October 26, 2022
My wife is from Houston and she loves baseball.
I am from Philly, and I love her.
It’s always been fun to support each other’s hometown teams. Seeing her Astros breakthrough for the first time, the elation in her eyes as she celebrated with her fellow Texans was a heartwarming experience way back in 2017. It was really, truly special to have the Eagles and Astros share a championship season.
Long before I met my wife, I went to Temple University at the same time that Jimmy Rollins was turning double plays with Chase Utley. The 2008 Phillies were a fundamental part of my life. I went to games, pep rallies, watched every game in bars near campus and collected Philadelphia Inquirer sports sections from key victories throughout their run.
The Phils became irrelevant as I became a professional sportswriter and editor, to the point that the lack of interest in the team made them almost not worth the effort to cover. Terrible draft picks, bad signings, collapses in September — all of this while the Astros fired off what would eventually be four AL pennants in six years.
Our house in the suburbs has a fairly even mix of Houston and Philadelphia decor, apparel and memorabilia. Just like we’ve assimilated my Jewish heritage with her Christian values, our two baseball teams have intermingled for half a decade in our relationship. There is a pride I have for our melting pot approach to life.
Even through the Astros’ cheating scandal, I was forced to find ways to defend our family’s geographic and historic affiliation with the most successful franchise in baseball over the last few years.
The odds of there ever being any situation where our rooting interests would be this complicated were extremely thin. Here’s what had to happen:
• MLB had to expand the postseason so the Phillies and their 87 wins could make it as the 6-seed.
• MLB added a universal designated hitter, which allowed Bryce Harper to stay in the lineup despite an elbow that keeps him from throwing a baseball.
• A ridiculous 6-run ninth inning in St. Louis in the first round to give the Phillies full control of the Wild Card series.
• One of the greatest home runs I have ever seen in my life, off the bat of Rhys Hoskins to beat the defending World Series Champions from Atlanta.
• An insane 4-run comeback in Game 4 at home for the Phillies in the NLCS, before one of the greatest baseball games ever played in South Philly in Game 5, ending with Harper’s two-run homer to win it in the eighth.
It is not at all surprising that the Astros had no problem besting the Mariners and Yankees — but they were far from a collision course with Philadelphia this season.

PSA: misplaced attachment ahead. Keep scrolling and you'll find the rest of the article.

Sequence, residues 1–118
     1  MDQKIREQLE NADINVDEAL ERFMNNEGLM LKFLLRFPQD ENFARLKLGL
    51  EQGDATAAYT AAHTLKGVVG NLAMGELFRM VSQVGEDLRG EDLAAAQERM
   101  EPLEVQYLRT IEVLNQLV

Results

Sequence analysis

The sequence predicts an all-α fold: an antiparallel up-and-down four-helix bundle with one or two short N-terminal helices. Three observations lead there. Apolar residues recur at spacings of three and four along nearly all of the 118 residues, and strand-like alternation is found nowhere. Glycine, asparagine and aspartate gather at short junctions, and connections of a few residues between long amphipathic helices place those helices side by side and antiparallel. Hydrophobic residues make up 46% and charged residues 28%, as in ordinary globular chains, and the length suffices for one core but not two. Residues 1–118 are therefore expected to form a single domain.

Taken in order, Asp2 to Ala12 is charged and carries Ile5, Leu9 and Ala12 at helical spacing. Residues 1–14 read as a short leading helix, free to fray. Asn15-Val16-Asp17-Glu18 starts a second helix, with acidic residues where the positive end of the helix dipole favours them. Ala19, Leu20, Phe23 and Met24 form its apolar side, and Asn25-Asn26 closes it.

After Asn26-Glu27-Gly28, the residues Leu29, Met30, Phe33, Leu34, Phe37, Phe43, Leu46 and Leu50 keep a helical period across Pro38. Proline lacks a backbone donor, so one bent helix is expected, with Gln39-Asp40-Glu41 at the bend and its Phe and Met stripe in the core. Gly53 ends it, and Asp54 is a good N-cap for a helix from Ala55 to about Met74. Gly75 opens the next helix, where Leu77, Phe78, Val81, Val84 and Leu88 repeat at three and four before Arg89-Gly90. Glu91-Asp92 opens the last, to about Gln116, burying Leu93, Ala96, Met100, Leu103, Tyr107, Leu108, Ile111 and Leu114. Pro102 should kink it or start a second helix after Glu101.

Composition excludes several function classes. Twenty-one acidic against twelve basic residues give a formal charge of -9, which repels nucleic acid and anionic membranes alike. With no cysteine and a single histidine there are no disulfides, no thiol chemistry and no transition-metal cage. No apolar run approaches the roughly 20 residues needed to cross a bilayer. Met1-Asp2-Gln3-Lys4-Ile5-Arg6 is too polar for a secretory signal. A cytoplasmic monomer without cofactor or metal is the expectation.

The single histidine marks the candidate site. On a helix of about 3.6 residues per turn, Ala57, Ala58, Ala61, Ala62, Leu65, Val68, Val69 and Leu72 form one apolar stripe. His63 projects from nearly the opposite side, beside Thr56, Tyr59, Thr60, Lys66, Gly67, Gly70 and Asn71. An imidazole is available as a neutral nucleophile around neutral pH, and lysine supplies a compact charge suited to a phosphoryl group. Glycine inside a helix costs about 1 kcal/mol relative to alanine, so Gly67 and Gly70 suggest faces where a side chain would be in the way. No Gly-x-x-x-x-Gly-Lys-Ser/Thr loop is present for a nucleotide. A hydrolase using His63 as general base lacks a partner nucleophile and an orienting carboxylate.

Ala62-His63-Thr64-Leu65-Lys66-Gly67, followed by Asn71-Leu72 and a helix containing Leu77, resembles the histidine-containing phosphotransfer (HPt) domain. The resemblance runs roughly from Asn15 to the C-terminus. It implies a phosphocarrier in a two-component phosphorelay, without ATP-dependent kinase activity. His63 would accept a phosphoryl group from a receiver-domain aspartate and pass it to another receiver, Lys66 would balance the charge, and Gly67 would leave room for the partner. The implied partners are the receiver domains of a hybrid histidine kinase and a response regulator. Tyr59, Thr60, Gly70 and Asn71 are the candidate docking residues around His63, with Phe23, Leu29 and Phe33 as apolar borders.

In a rare day off, I took my wife to watch the Sixers beat the Pacers on Monday and her always feisty self chose to wear an Astros T-shirt under her Allen Iverson throwback jersey. I’m lucky we got out of there without incident. If I had an Astros shirt on, I’d be in trouble.
I’ll be in Houston to cover the first two games of the World Series. I’ll be visiting my in-laws, and decking my one-year-old daughter in Phillies and Astros gear as she watches "Bluey" with her grandparents. My wife will be wearing some combination of Astros hat, Phillies authentic jersey with an Astros tee underneath.
Houstonians are a lot more easygoing than Philly folk, and as she hits the streets in Montrose and downtown, I have little doubt her split allegiances will serve as nothing more than a great conversation starter.
But where does that leave me? I love my wife and my family more than I love the Phillies. Tell my 21-year-old self, the guy who I sprinted down Broad Street from Cecil B. Moore to City Hall covered in beer and sweat on October 29, 2008, and I’d have said you were crazy.
I am excited to sit in the press box, cover the game and reach the peak of my profession. I have always dreamed of going to a World Series and that dream comes true Friday evening at Minute Maid Park. But for whom will I be truly rooting? The Phillies right? Of course. What a story that would be. It would be great for business — I work for PhillyVoice after all.
However, the more I think about the craziness of this situation the more I feel blessed — because I can’t lose.
It’s just sports, Philadelphia will survive being swept. Houston will fight another day if they lose in an upset. But my family will be on the edge of its seat with every pitch knowing whatever happens, we still get to celebrate.
Maybe that’s counter to the point of competition at the highest level of sports. Or maybe that’s the entire point.
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